The goal of our website is spreading awareness about the massive obstacles that children with disabilities must face while growing up in today’s society. But sometimes it helps to flip that societal problem on its head and ask a different question: What can we do to better help children who grow up with parents with disabilities? Both groups of people often struggle. The Rhode Island State Senate recently passed a bill that could help the latter.
Senator Louis P. DiPalma (D-District 12, Middletown, Little Compton, Newport, and Tiverton) was recently able to push through a bill that would prevent entitlement refusal for disabled parents. In part, the bill aims to reduce the stigma that disabled folks must endure.
DiPalma said, “Individuals with disabilities continue to face unfair, preconceived, and unnecessary societal biases, as well as antiquated attitudes regarding their ability to successfully parent their own children. This leads to new parents with disabilities being unnecessarily referred to social workers and governmental staff for evaluations of their parenting abilities to provide proper care and environments for their children, based solely upon erroneous assumptions about the parent’s disability.”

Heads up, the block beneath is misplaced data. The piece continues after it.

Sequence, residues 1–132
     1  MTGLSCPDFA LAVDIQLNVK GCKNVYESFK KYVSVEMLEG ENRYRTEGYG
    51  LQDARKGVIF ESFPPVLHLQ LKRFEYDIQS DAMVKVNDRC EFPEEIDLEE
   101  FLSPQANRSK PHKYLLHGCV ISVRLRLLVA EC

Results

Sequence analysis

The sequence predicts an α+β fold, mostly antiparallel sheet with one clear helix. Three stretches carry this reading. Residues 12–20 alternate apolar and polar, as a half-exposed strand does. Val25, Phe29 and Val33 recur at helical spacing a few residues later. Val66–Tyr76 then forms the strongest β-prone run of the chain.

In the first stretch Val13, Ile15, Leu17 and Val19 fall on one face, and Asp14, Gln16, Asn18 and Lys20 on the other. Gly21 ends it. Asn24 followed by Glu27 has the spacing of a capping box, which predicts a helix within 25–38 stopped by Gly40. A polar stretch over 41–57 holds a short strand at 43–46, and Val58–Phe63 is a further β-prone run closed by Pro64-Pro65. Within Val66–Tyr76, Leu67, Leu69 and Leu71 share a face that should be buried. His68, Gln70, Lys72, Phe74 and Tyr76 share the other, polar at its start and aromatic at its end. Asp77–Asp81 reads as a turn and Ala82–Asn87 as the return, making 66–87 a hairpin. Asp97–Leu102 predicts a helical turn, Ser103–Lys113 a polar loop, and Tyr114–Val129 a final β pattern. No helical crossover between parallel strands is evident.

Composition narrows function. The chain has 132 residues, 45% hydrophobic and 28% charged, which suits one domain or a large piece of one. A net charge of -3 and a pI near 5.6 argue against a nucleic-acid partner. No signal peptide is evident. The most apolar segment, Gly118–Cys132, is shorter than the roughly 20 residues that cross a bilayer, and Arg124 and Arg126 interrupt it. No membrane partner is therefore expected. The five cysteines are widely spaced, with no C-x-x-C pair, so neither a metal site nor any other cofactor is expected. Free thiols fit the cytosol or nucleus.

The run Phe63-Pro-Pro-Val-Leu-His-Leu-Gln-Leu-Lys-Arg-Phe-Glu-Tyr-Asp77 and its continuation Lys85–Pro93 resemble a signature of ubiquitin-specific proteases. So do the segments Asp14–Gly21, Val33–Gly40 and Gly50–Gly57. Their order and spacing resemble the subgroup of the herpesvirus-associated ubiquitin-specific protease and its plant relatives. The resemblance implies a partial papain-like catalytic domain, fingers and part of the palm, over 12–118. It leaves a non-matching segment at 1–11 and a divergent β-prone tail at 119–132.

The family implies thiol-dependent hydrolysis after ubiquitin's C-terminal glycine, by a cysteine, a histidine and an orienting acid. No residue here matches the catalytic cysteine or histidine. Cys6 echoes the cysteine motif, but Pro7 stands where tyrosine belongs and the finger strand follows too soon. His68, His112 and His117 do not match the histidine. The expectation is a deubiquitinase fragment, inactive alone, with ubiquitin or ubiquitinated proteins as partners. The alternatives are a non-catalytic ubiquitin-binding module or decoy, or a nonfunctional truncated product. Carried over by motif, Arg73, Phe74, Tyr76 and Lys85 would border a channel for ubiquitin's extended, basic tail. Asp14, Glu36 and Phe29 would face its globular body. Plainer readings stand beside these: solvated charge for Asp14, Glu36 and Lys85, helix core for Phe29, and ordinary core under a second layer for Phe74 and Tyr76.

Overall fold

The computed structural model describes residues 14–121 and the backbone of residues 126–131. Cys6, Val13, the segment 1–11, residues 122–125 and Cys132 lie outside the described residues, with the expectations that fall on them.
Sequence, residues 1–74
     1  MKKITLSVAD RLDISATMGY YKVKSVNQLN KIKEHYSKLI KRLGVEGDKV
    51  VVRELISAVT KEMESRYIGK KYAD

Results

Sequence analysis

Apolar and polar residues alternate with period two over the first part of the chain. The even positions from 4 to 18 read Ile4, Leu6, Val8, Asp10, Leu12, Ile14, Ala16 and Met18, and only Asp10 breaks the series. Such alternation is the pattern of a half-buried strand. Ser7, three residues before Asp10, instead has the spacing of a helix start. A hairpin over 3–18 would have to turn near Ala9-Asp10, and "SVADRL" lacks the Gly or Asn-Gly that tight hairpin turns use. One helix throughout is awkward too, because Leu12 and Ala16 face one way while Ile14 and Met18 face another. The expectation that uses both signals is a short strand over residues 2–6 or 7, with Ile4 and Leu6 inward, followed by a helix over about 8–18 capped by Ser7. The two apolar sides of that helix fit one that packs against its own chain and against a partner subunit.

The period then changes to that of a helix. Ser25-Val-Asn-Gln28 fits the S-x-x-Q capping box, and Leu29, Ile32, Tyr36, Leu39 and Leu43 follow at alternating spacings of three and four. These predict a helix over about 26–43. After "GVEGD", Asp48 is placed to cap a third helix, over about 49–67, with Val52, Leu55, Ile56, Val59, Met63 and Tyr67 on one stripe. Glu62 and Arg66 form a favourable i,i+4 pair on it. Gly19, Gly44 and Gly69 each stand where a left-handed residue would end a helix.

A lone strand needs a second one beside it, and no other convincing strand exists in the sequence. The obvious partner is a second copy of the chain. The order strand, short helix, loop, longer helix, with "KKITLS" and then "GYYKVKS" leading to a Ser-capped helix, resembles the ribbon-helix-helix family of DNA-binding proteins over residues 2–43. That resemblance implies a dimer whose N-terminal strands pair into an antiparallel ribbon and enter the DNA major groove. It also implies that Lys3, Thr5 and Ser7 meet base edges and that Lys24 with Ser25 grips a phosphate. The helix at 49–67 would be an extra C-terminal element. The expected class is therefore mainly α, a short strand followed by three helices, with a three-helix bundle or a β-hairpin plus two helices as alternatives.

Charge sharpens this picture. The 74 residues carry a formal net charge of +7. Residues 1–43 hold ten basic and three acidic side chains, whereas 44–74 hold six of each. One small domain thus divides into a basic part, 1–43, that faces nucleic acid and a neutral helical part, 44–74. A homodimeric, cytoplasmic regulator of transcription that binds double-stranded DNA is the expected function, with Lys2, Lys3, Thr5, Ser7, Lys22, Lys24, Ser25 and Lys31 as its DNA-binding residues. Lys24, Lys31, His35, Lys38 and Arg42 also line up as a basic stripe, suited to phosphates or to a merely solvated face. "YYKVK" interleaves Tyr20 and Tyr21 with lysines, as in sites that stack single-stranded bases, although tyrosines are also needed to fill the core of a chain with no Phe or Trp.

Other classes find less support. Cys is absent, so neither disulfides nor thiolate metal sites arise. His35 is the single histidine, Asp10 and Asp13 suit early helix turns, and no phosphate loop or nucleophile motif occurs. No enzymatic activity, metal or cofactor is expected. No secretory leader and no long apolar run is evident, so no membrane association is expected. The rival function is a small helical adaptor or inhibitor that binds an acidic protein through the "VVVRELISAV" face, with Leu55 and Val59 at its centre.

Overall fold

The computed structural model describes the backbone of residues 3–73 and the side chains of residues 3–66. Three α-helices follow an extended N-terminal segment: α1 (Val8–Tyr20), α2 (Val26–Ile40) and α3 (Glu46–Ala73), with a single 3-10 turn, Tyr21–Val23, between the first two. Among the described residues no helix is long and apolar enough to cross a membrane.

In other words, it will be more difficult for the state to refuse disability payments based on the misconceptions or ignorance of neighbors.
DiPalma says that the way the system has worked up until now “is unfair, unjust, and may also have serious effects on children who may be denied the opportunity to live in a loving home with parents or caretakers who also have disabilities. Our society is strongest with strong family environments so we should not eliminate loving homes for our kids simply because a parent has a disability.”
The new bill requires relevant service providers to receive increased education about those parents who have disabilities. These providers include medical personnel, child protective services, lawyers, prosecutors, and judges — especially wherein the overall welfare of children is concerned when the potential for foster care or adoption exists.
The bill precludes a parent from being referred to child protective services on only the basis of a disability. Whereas this concept is great in theory, it’s difficult to predict how it will be put into practice — especially when those same prejudices about the ability of parents with disabilities to do their job result in the misconception about how and why a parent might not be successful.
The party making an allegation must now collect relevant evidence and prove the case — which means neighbors are less likely to try. The welfare of a child must be in clear and present danger for state action to be recommended and taken.